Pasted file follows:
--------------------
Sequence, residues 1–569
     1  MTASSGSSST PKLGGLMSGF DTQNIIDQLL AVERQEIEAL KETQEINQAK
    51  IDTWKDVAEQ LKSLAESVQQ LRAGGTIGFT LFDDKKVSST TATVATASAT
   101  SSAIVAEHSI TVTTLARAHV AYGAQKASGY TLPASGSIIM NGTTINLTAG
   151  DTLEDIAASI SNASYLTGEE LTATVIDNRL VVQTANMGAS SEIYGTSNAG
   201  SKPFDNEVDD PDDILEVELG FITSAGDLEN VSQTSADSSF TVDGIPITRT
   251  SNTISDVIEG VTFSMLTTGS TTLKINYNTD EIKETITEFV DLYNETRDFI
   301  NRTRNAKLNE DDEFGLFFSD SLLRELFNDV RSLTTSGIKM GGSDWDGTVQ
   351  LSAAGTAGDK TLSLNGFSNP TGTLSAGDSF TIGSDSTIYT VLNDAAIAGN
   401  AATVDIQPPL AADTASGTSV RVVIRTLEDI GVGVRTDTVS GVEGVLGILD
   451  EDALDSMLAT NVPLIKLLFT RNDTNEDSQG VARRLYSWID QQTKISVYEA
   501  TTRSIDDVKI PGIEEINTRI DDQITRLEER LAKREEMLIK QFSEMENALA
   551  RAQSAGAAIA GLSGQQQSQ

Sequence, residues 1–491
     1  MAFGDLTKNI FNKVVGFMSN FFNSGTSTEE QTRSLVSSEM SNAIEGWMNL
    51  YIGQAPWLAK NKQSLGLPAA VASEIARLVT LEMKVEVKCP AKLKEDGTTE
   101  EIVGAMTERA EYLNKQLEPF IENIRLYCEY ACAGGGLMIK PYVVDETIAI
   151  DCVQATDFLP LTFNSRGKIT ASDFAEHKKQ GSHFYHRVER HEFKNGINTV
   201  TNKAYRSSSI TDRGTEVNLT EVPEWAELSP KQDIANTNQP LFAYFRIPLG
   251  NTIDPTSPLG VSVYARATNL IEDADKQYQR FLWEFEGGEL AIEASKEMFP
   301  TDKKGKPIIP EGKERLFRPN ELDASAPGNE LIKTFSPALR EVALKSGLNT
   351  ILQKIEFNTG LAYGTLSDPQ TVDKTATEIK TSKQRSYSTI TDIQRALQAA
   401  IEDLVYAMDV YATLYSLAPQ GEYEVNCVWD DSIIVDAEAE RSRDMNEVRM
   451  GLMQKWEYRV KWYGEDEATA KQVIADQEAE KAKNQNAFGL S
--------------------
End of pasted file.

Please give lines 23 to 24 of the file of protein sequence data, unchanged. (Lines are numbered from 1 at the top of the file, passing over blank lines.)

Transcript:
   401  IEDLVYAMDV YATLYSLAPQ GEYEVNCVWD DSIIVDAEAE RSRDMNEVRM
   451  GLMQKWEYRV KWYGEDEATA KQVIADQEAE KAKNQNAFGL S